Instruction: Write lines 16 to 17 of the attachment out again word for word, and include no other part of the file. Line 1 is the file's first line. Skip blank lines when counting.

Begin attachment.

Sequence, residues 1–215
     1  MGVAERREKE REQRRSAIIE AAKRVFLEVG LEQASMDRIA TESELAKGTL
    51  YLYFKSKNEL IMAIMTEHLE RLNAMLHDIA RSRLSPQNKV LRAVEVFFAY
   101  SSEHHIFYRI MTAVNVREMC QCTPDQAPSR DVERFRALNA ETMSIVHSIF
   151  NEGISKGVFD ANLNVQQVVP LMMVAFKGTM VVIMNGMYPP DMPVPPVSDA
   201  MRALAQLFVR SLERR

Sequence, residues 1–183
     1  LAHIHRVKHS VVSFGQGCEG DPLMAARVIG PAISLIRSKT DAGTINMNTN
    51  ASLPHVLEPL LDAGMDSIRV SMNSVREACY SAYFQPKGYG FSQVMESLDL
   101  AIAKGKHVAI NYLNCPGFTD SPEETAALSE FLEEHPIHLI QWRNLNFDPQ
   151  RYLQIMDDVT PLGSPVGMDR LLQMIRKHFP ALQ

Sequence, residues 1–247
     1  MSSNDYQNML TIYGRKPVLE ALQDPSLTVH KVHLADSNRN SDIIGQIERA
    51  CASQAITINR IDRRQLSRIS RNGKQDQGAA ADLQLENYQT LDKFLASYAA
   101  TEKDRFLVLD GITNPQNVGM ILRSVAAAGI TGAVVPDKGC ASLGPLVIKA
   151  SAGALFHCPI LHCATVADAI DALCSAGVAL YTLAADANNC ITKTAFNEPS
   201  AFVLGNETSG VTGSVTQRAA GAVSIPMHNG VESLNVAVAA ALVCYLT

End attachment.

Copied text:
   151  SAGALFHCPI LHCATVADAI DALCSAGVAL YTLAADANNC ITKTAFNEPS
   201  AFVLGNETSG VTGSVTQRAA GAVSIPMHNG VESLNVAVAA ALVCYLT